Nickel Buys a Tune and a Phone Chat with a Girl as Well (Apr, 1941)

Nickel Buys a Tune and a Phone Chat with a Girl as Well

COIN PHONOGRAPHS, or “juke boxes,” widely used in taverns and restaurants, now are sometimes installed in a new form. Operated by telephone from central offices, they permit a selection of 300 or more tunes, as opposed to the 12 or 20 available on ordinary coin phonographs. Girl operators, chosen for their pleasing voices and ready wit, make wisecracks and occasionally sing with the records. When the customer places a nickel in the slot, a light flashes on the operator’s board at the central office. The customer, speaking through a microphone, then gives the number of the record he desires played, and the operator selects the disk from a rack and slips it on a phonograph turntable. Each operator cares for ten turntables, representing as many different “juke boxes.” By putting additional coins in the slot, a customer can have his selected tune dedicated to anyone in the room or in some other place with a similar machine.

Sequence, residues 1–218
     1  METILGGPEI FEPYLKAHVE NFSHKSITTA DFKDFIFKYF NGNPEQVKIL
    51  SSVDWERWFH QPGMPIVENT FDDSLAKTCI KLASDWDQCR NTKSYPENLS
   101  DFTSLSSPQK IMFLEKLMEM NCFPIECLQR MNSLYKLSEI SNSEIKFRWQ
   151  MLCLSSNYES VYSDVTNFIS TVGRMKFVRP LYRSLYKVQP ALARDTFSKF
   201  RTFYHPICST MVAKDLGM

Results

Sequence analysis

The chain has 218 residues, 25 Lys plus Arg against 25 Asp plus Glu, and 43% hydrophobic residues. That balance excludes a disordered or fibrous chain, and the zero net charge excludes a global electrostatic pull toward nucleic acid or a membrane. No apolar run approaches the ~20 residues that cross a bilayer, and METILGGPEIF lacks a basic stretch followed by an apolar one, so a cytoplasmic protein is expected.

2 comments
  1. blast says: August 12, 20117:25 pm

    The “upgrade” to dedicate a song to someone is clever. I’m not sure it would pull in enough money to pay for the central office labor and leased lines to each jukebox, though.

    Easy way to break up with someone who plays the field… just send them a message while they’re out with someone else. “I don’t stand a ghost of a chance with you….”

  2. Barry says: August 14, 201111:31 pm

    “I’m not sure it would pull in enough money to pay for the central office labor and leased lines to each jukebox, though.”

    Minimum wage in 1941, 30 cents per hour. Each “girl operator” caring for 10 turntables each, not much overhead due to labor costs.

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